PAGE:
Category Archives: Conservation
The Northeast Pennsylvania Audubon Society is pleased to be a sponsoring partner for the upcoming Upper Delaware BioBlitz.
At a BioBlitz, biologists and volunteers gather to collect, identify, and catalog every living thing on a demarcated property in a 24 hour period. The goal is to highlight the biodiversity of the Upper Delaware River watershed and, in particular, the portion of the watershed in Wayne County, PA.
The Upper Delaware BioBlitz will be held near Starlight, Wayne County, PA on June 29, 2013 from 9am to 3pm. The event is FREE and open to the public. Bring the family to learn more about the incredible diversity of the Upper Delaware Region.
- View the collected specimens
- Talk to the experts
- Learn about the biodiversity of the site
- Enjoy a workshop
The State Department recently released a draft environmental review of the Keystone XL pipeline plan, citing little environmental impact.
Nothing could be further from the truth.
The review is woefully inadequate, ignoring the massive impacts from tar sands operations in Canada that are destroying millions of acres of boreal forest so important to many of our songbirds. The report further finds that building the pipeline will have little impact on climate change—even though the pipeline would increase emissions so much it would be like adding 4.6 million cars to the roads.
Now, alarming reports are coming from Arkansas on a pipeline break that is releasing thousands of barrels of this same kind of thick, dirty oil into waterways that feed nearby Lake Conway and the town of Mayflower, AR. Oiled birds and other wildlife in the area are being treated, with many more expected to succumb to the toxic oil. The Arkansas incident is the second spill of Canadian tar sands oil in a week. On March 27, a mile-long Canadian Pacific train hauling Canadian crude derailed in Minnesota, spilling 30,000 gallons about 150 miles northwest of Minneapolis. These two incidents are a stark reminder that transporting this oil across the U.S. is just asking for trouble.
Check out these photos from the recent Arkansas oil spill from National Geographic -
Pictures: Arkansas Oil Spill Darkens Backyards, Driveways
Submit your comments now on this draft environmental review. Comments are due April 22. It’s critical that we challenge the weaknesses in this draft with respect to impacts on wildlife, habitat, water quality, and climate change.
From Forest to Wasteland
The Keystone XL pipeline would drive the expansion of tar sands development in Canada, which is turning vital bird habitat in the boreal forests into an industrial wasteland of open-pit mines, smokestacks, and toxic waste ponds.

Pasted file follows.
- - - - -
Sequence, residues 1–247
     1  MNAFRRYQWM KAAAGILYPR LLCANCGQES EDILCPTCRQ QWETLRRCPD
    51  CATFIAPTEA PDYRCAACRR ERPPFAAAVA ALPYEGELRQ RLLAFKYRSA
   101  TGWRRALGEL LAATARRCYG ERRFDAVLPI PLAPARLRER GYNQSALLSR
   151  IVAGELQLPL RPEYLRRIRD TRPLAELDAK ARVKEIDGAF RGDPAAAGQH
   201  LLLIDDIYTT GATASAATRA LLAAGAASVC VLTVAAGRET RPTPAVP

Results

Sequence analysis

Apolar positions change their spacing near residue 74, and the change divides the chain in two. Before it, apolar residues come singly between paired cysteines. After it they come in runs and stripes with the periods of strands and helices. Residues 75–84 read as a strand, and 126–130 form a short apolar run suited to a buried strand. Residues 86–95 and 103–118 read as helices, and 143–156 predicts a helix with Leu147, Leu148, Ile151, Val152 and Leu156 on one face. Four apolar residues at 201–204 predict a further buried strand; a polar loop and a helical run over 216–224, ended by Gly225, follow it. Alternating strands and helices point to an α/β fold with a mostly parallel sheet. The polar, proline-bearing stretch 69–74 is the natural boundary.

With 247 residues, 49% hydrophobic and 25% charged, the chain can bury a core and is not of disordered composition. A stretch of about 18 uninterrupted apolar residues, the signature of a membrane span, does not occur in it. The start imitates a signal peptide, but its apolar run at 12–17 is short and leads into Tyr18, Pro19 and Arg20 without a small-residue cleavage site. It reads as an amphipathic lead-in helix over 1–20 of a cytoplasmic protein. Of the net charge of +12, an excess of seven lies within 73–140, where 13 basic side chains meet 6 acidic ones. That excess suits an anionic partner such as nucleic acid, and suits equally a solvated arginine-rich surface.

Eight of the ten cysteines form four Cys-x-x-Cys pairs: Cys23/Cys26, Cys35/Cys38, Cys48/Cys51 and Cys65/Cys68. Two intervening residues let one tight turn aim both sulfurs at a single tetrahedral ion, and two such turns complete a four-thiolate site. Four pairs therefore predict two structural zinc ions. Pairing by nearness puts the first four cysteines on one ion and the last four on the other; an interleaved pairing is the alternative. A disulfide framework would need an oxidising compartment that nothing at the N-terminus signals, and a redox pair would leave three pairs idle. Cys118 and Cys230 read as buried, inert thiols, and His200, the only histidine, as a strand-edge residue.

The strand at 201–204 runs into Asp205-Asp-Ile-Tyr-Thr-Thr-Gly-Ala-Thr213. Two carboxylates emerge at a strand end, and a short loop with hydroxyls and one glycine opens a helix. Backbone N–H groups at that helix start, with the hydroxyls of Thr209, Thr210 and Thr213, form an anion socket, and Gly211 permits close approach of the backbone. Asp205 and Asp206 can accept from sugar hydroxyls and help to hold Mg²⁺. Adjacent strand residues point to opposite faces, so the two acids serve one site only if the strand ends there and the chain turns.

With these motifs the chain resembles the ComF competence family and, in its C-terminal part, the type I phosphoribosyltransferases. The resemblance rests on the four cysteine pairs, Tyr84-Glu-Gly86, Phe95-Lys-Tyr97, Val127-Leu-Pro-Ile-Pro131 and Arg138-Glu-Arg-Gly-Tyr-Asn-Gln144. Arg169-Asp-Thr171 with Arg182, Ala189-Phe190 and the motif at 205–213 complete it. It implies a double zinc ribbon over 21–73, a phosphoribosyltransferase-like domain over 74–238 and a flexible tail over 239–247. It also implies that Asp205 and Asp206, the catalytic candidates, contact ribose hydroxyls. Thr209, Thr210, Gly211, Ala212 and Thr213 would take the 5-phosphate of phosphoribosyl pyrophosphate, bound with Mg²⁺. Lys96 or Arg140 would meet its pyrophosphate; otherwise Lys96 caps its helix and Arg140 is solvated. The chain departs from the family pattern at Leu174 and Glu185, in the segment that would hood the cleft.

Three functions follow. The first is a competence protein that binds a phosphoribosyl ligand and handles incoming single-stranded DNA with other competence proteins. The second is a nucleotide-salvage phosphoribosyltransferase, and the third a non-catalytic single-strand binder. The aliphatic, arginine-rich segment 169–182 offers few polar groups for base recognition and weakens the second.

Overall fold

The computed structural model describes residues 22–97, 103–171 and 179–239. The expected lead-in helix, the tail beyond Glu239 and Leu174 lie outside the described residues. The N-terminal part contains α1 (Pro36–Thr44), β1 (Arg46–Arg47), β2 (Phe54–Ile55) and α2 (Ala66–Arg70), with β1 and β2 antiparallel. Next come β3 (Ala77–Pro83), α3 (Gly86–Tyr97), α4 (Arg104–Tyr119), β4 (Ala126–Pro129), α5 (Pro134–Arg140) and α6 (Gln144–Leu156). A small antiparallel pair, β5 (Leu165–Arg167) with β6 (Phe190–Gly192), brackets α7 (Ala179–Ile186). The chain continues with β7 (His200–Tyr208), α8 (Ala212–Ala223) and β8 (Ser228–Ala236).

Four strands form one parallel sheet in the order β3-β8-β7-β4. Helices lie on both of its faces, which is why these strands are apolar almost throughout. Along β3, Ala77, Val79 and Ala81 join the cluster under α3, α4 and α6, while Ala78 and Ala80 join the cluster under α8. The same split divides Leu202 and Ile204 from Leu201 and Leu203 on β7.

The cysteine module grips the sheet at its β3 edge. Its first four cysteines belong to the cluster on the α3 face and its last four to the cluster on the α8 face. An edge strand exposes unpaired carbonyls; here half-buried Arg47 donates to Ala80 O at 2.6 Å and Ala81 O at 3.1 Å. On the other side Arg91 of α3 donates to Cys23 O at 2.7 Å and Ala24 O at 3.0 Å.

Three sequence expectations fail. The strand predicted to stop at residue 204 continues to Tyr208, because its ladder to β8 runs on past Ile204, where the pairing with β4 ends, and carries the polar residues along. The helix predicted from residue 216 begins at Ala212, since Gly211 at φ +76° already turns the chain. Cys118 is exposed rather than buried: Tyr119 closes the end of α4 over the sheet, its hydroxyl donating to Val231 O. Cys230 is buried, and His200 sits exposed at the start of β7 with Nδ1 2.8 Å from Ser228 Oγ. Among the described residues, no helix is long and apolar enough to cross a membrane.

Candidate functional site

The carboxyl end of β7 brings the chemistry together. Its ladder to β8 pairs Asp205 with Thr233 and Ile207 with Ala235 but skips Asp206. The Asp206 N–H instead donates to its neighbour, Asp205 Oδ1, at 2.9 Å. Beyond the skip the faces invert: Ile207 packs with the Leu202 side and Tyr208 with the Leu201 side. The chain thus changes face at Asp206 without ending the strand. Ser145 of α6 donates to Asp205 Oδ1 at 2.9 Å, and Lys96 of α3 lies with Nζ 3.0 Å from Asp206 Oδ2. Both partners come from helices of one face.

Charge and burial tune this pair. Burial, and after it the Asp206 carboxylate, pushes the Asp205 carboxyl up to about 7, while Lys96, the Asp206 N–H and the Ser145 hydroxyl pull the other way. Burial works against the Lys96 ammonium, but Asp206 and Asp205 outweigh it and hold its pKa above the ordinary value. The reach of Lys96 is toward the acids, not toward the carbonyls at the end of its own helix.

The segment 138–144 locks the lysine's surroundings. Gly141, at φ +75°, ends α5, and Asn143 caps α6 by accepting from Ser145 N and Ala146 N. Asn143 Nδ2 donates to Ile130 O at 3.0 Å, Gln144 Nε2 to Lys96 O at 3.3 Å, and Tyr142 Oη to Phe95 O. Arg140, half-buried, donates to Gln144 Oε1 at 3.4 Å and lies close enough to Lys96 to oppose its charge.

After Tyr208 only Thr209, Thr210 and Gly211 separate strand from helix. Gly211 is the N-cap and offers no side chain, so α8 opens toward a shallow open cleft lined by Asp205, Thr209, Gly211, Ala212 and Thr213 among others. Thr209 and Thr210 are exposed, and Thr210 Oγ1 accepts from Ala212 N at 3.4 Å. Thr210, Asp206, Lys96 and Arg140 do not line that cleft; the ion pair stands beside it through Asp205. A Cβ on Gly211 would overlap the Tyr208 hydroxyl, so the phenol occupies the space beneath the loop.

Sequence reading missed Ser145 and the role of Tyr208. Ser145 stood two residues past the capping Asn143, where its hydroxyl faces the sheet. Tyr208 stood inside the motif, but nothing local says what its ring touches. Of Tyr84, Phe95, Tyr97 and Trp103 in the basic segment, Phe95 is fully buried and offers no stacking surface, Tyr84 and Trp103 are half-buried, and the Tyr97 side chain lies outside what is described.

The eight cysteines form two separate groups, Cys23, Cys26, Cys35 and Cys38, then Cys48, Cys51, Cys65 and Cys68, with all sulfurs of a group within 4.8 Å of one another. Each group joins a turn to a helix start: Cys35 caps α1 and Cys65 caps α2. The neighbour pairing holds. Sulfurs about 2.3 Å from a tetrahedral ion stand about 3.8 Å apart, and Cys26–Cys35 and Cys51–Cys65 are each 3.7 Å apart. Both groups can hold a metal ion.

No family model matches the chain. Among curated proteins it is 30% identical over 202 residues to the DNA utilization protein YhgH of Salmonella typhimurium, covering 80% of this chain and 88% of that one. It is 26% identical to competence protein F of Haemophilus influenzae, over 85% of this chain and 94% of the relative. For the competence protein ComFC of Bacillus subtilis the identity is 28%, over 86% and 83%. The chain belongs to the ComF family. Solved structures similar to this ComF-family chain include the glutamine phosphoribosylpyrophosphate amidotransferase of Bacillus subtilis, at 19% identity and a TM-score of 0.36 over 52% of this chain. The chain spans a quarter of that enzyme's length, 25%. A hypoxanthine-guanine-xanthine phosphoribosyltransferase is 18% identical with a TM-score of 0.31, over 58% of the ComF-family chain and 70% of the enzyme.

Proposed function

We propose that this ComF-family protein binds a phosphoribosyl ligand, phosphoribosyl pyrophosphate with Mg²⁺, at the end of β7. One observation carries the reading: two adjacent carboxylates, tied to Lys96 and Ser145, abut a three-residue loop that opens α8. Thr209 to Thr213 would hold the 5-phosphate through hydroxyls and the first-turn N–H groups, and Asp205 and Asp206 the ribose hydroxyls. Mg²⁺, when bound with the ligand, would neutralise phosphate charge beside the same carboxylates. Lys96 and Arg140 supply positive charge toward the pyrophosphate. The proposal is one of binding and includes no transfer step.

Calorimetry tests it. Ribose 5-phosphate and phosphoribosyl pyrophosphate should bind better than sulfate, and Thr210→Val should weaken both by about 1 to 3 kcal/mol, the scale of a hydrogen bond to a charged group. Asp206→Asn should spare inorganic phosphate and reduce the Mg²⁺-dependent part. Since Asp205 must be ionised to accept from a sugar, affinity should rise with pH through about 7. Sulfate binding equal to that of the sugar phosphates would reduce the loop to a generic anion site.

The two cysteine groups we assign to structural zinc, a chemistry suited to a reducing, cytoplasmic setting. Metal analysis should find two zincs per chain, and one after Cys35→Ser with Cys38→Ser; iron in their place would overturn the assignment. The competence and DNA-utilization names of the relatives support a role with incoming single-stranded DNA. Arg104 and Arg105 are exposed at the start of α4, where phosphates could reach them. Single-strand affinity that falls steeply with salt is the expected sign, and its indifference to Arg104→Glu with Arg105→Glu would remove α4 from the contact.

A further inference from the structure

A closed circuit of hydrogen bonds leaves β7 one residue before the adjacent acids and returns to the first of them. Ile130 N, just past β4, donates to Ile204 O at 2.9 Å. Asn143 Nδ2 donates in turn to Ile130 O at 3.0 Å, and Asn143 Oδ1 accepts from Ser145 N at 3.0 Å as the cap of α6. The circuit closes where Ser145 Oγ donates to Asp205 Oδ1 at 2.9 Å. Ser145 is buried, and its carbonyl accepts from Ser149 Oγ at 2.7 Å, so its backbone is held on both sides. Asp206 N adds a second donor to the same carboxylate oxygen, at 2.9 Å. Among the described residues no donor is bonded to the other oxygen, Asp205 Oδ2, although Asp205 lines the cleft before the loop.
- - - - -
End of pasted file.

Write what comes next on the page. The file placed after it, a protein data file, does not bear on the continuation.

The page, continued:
In addition, Keystone would accelerate the global climate crisis. In a May 2012 op-ed in The New York Times, NASA climate scientist James Hansen wrote regarding Alberta oil sands extraction, “If Canada proceeds, and we do nothing, it will be game over for the climate.” He argued, “We need to start reducing emissions significantly, not create new ways to increase them.”
It’s Not Too Late To Act
Fortunately, the environmental review is still in draft form. We have an opportunity right now to make sure the harmful effects from tar sands development on birds, habitat, and climate change are included in the final review, before President Obama makes his ultimate decision on whether to allow the Keystone XL pipeline to be built. Comments are due by April 22.
Send in your comments today. We need to be sure this environmental review tells the whole story of the Keystone XL pipeline and the great damage it will cause to birds, wildlife and habitat, and our efforts to curb climate change.
- via Mike Daulton, Audubon Action Alert!
Cats – particularly feral cats – are a leading cause of bird deaths. A recent report by Smithsonian scientists and the U.S. Fish and Wildlife Service found that cats kill an estimated 2.4 billion a year, underscoring the need for effective solutions to protect wild birds and cats alike.
Ted Williams, a freelance writer and long time columnist for Audubon Magazine, recently wrote an op-ed for the Orlando Sentinel entitled Trap, neuter, return programs make feral-cat problem worse. His central point was about the ineffectiveness of trap-neuter-return programs and the effects of feral cats on bird populations. The original article (PDF) (which has since been edited by the Orlando Sentinel) was misconstrued as providing a “do-it-yourself” recipe for killing feral cats.
Feral cat activists started a petition calling for Audubon to break ties with Ted Williams. National Audubon responded with the following statement, posted both on Facebook and on their website.
The National Audubon Society is unequivocal on the important issue of cat and bird safety: We reject the idea of people taking matters into their own hands in ways that can harm neighbors’ pets – or any cats.